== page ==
History is simply more compelling than fiction or fantasy. I've often wondered why Hollywood tends to "improve" a historical event when the real story is usually far more interesting than the fictional version. I suppose it's because if one followed the actual sequence of events it would be too confusing or unbelievable.

nevinsrip Sponsoring Member of TMP04 Sep 2017 6:48 p.m. PST

How about "I just really enjoy it."

Personal logo Great War Ace Supporting Member of TMP04 Sep 2017 7:05 p.m. PST

Military history. Not that other stuff it's boring. Politics and war go together. Religion and war go together. Civilization's treasures take a hit in every war, that's the downside. But the military reasons for decisions are the really interesting stuff.

attilathepun4704 Sep 2017 8:11 p.m. PST

I could give all kinds of justifications, but the real reason is that already cited by nevinsrip above.

arthur181505 Sep 2017 1:35 a.m. PST

Thomas Hardy, IMHO, summed it up neatly in 'The Dynasts' when the Spirit Sinister says, 'War makes rattling good history, while peace is but poor reading. So I back Buonaparte because of the pleasure he will bring posterity.'

ZULUPAUL Supporting Member of TMP05 Sep 2017 2:01 a.m. PST

I enjoy reading history, in fact I rarely read non fiction any more. Like nevinstrip above I just enjoy it.

Dynaman878905 Sep 2017 2:55 a.m. PST

> A. You can't make this stuff up. History is far more unusual, bizarre, and strange than anything fiction can concoct.

I don't know about that. My History teacher in 7th grade berated us for liking Star Wars (late seventies) when HIS generation was interested in history – as told by the westerns on TV in the fifties…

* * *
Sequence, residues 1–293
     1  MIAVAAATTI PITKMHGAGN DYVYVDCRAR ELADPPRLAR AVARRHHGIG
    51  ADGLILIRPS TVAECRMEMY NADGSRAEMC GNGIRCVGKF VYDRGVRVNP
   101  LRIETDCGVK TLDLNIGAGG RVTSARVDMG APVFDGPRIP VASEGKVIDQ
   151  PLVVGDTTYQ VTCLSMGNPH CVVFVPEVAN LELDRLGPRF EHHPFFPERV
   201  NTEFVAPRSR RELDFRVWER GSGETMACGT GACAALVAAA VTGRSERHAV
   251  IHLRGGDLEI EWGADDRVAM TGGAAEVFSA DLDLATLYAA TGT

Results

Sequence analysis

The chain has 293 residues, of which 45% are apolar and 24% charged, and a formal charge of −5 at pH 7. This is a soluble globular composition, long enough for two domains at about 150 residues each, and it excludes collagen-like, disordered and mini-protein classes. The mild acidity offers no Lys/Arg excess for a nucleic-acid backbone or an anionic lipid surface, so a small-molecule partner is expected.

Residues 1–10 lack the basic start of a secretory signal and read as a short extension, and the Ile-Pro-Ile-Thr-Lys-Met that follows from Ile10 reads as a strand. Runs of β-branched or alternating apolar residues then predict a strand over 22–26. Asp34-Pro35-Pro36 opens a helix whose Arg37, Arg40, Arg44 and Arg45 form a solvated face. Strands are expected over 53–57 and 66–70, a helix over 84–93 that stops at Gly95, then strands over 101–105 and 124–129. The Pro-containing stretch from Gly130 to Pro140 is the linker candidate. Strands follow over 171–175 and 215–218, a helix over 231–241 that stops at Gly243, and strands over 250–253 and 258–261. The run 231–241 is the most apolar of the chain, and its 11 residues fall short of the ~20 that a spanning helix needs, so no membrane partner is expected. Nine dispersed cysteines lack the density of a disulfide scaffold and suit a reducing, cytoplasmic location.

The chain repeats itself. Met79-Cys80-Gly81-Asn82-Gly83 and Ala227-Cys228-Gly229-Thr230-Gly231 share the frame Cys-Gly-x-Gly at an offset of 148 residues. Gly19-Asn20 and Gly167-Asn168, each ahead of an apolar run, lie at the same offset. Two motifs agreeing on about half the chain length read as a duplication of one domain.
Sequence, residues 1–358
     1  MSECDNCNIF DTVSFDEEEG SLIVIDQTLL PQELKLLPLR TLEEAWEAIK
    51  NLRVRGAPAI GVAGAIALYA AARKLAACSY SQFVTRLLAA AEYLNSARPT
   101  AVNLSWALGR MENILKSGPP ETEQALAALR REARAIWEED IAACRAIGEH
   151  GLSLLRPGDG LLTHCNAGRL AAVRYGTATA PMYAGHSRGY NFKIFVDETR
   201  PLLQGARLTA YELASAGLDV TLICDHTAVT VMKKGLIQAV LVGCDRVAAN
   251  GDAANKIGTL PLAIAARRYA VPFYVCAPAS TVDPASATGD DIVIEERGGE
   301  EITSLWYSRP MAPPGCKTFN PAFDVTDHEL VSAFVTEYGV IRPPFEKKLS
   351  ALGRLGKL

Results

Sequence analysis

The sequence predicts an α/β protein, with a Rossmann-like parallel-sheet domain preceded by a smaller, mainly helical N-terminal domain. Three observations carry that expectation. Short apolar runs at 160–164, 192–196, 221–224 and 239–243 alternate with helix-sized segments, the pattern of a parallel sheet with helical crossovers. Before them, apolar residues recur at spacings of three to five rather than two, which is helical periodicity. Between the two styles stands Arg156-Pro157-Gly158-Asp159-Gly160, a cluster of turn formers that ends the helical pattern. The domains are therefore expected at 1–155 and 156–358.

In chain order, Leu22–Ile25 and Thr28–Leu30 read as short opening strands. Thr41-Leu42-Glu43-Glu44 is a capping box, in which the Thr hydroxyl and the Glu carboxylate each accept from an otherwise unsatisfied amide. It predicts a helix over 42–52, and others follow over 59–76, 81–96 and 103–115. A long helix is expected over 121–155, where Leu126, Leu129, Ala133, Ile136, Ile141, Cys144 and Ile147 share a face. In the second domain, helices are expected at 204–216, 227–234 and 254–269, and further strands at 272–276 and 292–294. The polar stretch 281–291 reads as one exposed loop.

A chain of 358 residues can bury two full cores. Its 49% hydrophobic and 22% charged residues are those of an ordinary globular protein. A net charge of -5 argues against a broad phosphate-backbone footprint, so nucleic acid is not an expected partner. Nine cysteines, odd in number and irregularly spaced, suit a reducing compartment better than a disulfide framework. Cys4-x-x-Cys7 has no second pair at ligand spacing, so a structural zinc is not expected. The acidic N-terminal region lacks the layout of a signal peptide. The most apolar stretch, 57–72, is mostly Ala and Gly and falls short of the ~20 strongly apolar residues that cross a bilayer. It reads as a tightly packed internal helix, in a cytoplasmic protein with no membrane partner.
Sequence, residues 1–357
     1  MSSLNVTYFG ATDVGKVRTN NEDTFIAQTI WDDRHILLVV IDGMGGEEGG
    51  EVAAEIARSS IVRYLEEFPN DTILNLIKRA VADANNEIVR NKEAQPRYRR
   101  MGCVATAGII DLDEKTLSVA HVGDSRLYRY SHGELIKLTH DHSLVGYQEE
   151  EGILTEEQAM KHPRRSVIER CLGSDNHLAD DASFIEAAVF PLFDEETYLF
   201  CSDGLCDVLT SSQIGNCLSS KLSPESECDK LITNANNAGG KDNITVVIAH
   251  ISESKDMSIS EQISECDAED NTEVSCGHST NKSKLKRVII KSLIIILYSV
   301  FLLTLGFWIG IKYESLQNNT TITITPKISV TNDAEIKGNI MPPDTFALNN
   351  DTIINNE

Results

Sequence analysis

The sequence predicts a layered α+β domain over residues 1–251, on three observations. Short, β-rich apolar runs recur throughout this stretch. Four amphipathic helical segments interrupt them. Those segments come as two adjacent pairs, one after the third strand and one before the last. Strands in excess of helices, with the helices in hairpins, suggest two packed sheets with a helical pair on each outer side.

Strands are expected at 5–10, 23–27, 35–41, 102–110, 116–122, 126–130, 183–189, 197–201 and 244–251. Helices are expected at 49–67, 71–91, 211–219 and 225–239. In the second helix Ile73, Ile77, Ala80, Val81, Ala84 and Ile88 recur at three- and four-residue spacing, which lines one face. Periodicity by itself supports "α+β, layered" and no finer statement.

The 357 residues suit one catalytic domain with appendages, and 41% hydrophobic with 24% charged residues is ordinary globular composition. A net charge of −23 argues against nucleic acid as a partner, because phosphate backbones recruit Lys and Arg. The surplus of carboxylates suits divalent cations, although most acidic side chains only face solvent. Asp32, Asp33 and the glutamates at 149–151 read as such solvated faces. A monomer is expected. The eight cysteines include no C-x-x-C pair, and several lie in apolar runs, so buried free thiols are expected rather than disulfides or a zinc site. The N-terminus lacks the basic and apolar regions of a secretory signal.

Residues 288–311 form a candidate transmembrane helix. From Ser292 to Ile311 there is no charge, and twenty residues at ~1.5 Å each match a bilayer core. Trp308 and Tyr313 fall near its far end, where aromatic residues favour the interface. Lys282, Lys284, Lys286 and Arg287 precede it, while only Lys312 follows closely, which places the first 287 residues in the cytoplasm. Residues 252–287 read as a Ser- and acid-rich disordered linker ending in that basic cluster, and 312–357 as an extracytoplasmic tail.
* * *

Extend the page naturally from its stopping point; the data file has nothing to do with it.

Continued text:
robert piepenbrink Supporting Member of TMP05 Sep 2017 4:14 a.m. PST

Hmmm. "Hollywood" sometimes screws up spectacularly. Shall I discuss certain uniforms, organizations and tactics I've seen on wargame tables?

But also remember they have about two hours, and they can't count on the audience to bring any historical knowledge with them--not to mention historical events sometimes happening out of dramatic sequence. With the best will in the world, they have to simplify and sometimes rearrange events, merge characters and generally turn War and Peace into a short story. Enjoy what they get right, and let it go.

Ottoathome05 Sep 2017 5:31 a.m. PST

Dear rvandusen

It is because the real story, the real history, in many cases is not apprehendable to moderns. There motivations and causes of historical events have no resonance in the modern mind. Thus for example, in "Patriot" moderns cannot conceive of persons going to war for principles or philosophies or ideologies, and so it is only when his own family is touched that the protagonist gets involved.

But you are correct, the real questions, the real story is far and away superior to whatever Hollywood can make up.

This is covered for me in my second point 'Reify the Passions."

Personal logo War Artisan Sponsoring Member of TMP05 Sep 2017 8:47 a.m. PST

"There's much more drama in what is, and what was, than anything the human imagination can dream of." – Ken Burns

Personal logo etotheipi Sponsoring Member of TMP05 Sep 2017 9:26 a.m. PST

History doesn't have to be plausible.

Oberlindes Sol LIC05 Sep 2017 9:54 a.m. PST

1. Why are you so fascinated even besotted with reading and studying history?

I am interested in and enjoy reading and watching history (I even have a BA in history), but don't feel quite fascinated, and certainly not besotted.

Answer number 1 is the reason that I remain interested: you just cannot make this stuff up.

2. Why is this so powerful you go out and spend so much money and time on books and models and painting to recreate and add to the study?

I don't spend much on books (or other media), models, or painting. I do check books and DVDs out of the library and return them when I've read them.

Shagnasty Supporting Member of TMP05 Sep 2017 10:47 a.m. PST

Y'all said it all 'cept I think H'wood could do a bit better than they do.

robert piepenbrink Supporting Member of TMP05 Sep 2017 4:35 p.m. PST

History is, after all, the biggest and longest-running shared world anthology.

JMcCarroll Inactive Member05 Sep 2017 5:00 p.m. PST

There is the " Killing w/out killing aspect ".